How Merdinian School’s Music Department Survived the Pandemic

A screen grab of a Monday Chapel, hosted by Merdinian School Music teacher Alice Derkevorkian via zoom
A screen grab of a Monday Chapel, hosted by Merdinian School Music teacher Alice Derkevorkian via zoom

A screen grab of a Chapel meeting, hosted by Merdinian School Music teacher Alice Derkevorkian via zoom


At these difficult times, during the pandemic, being a music teacher and an educator became more important than ever for me, it became a moral duty. Teaching in an Armenian school became a way to bring the community together in front of grave challenges that we had never faced before. Every time I login to class and hear, “Good morning Mrs. Alice,” “Hi Mrs. Alice, inchbeses?” I feel a greater share of responsibility and profound need to pass on intellectual nourishment to our youth.

After what our country went through during the Artsakh war, every day of existence is a celebration and a mission to preserve and cultivate our Armenian heritage, traditions, and morals. At the same time, it is important to strengthen our younger generation by motivating them to be more involved in local matters and cultivate their feeling of belonging as equal citizens of the United States with all the rights and responsibilities.

Merdinian School stands out as a unique institution, where pursuit of excellence always goes hand in hand with great values and morals. In order to reflect our Christian values, our American nationality, and our Armenian cultural heritage, each Monday’s Chapel music event is filled with empathy and respect to the prevailing holidays and historic events both of our homeland, Armenia, and the United States. Our role as Armenians shouldn’t be limited to understanding our own cultural background only, but also to learn about the surrounding cultures and their musical traditions.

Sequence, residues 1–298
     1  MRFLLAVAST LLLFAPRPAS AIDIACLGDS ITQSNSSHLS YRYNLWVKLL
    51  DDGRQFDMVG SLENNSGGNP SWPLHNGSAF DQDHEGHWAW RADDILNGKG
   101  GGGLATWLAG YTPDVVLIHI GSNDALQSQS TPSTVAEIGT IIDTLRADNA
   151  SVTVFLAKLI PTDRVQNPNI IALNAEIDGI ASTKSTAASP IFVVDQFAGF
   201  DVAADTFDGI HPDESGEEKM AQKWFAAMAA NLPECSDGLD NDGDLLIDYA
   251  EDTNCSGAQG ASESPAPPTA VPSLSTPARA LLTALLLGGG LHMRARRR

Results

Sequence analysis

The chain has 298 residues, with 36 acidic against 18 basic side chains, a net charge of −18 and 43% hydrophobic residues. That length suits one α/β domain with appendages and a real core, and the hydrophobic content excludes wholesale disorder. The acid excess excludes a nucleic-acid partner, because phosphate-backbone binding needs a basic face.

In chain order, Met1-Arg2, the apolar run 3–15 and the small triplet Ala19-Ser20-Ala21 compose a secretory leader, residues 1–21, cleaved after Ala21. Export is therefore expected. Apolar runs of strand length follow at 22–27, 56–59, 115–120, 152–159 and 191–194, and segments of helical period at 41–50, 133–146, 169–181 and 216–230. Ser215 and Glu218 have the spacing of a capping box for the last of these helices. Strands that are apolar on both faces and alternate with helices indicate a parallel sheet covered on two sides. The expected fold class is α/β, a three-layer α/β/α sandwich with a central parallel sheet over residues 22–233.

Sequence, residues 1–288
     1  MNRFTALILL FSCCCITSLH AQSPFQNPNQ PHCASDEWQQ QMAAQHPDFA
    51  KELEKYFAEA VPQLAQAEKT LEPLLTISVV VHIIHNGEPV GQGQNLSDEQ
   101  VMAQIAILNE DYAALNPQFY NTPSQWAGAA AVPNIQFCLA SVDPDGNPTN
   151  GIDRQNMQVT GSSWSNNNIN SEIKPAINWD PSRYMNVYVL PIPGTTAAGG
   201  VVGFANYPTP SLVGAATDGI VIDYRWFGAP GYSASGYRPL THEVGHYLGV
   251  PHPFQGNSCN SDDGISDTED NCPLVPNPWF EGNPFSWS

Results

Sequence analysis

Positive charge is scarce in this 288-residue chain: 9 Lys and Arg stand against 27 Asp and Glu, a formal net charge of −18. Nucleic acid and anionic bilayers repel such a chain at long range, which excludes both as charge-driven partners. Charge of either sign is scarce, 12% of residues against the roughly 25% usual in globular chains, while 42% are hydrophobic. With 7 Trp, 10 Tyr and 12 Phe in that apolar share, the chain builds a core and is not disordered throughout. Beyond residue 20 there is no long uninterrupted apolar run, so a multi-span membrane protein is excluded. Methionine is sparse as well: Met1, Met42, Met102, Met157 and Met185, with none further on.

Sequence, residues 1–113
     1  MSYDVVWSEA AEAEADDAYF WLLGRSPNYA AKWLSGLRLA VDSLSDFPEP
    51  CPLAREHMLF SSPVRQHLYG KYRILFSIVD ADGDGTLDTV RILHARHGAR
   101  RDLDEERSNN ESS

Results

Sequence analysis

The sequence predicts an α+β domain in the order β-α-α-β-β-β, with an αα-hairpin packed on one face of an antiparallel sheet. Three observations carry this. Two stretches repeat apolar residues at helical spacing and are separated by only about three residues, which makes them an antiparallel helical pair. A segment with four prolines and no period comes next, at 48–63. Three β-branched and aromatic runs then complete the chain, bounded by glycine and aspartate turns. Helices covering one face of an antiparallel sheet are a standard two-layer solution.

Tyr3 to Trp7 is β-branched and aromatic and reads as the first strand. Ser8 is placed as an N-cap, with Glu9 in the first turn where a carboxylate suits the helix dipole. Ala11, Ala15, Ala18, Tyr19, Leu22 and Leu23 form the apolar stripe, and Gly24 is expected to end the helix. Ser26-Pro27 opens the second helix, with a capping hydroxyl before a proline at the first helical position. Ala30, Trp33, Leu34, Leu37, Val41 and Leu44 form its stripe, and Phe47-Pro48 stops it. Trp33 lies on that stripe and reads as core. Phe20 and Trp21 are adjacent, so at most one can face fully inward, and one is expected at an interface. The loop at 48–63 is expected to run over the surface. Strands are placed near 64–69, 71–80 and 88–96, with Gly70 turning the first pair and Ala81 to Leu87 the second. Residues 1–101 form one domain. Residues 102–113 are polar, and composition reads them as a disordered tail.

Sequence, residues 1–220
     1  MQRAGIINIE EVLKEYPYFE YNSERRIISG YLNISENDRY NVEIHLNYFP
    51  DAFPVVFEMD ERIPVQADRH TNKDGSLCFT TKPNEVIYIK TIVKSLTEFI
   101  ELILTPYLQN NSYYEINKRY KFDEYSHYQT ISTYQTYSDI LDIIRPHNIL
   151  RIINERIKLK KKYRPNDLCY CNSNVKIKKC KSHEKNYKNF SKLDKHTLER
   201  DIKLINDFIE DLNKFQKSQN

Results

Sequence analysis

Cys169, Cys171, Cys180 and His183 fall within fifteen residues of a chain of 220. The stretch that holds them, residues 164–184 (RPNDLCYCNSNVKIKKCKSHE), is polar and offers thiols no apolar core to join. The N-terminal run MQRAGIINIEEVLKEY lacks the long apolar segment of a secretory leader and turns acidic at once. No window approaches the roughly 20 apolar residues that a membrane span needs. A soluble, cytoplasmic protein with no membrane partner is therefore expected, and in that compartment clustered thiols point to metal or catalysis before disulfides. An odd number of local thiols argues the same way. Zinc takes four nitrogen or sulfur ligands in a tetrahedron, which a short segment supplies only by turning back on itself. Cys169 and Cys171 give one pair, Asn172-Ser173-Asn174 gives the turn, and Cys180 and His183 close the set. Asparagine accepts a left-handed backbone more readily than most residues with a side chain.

Here is a brief view of some of our virtual chapel music meetings.

For the occasion of Thanksgiving, the topic of study was Native American musical instruments used by Wampanoag tribes who welcomed the Pilgrims in 1620 in Plymouth Rock.

On Christmas, students learned about the Origin of Christmas Carols and the evolution of the Carols throughout the church’s reform during the  Elizabethan times in England.

In January, when America celebrates Dr. Martin Luther King Jr. day, students learned about Jazz, with a focus on a few world-famous Jazz musicians who were born and raised in segregated communities. Among those were Louis Armstrong, Duke Ellington, and Miles Davis, who became Jazz icons and created America’s image as “The Capital of Jazz.”

To further emphasize Dr. King Jr.’s message and legacy, students listened to Aretha Franklin’s “Mary Don’t You Weep,” a Gospel based on a spiritual that originated before the civil war. It shows the great strength and the perseverance of the slaves who never lost hope. They also learned about “Battle Hymn of the Republic,” which originated during the civil war, whose lyrics were written by American abolitionist poet and author, Julya Wards. 

All over the world, it is through music and meaningful songs, that we cry our battles and mourn our soldiers. Through music we boost the morale of our troops, with a feeling of devotion and strong bonds to the homeland. As the “Battle Hymn of the Republic” symbolizes hope, patriotism, and freedom for Americans, “Mardigi Yerke,” also known as “Trcheyi Mdkov Dun,” symbolizes nostalgia, comforting our Armenian soldiers in the borders of Artsakh and Armenia. Through the song a deep grief, message of love, and reassurance were sent to the mothers waiting for their sons to hopefully return home. On the occasion of Armenian Army day, we listened to “Mardigi Yerk” and wished our National Army strength and prosperous victories with the “Haygagan Panagi Yerk.”

It is incredible how technology eased and strengthened teacher-student bonds during virtual learning. At Merdianian, overnight, students and faculty got access to Google Classroom, Slides, and Docs. Without this quick technological response it would not have been possible to create the strong virtual learning environment we have. Thank you to our technology and curriculum coordinator Betty Nazarian who worked tirelessly to guide us through this technological endeavor during the pandemic. Last but not least, our deepest gratitude goes to Merdinian School Principal Mrs. Lina Arslanian for her selfless devotion and unlimited support and dedication to the faculty, staff, and students.

Alice Derkevorkian is a Music teacher at Merdinian Armenian Evangelical School in Sherman Oaks, Calif. She is a pianist, accompanist, and educator who has lived in Los Angeles-area since 2007.


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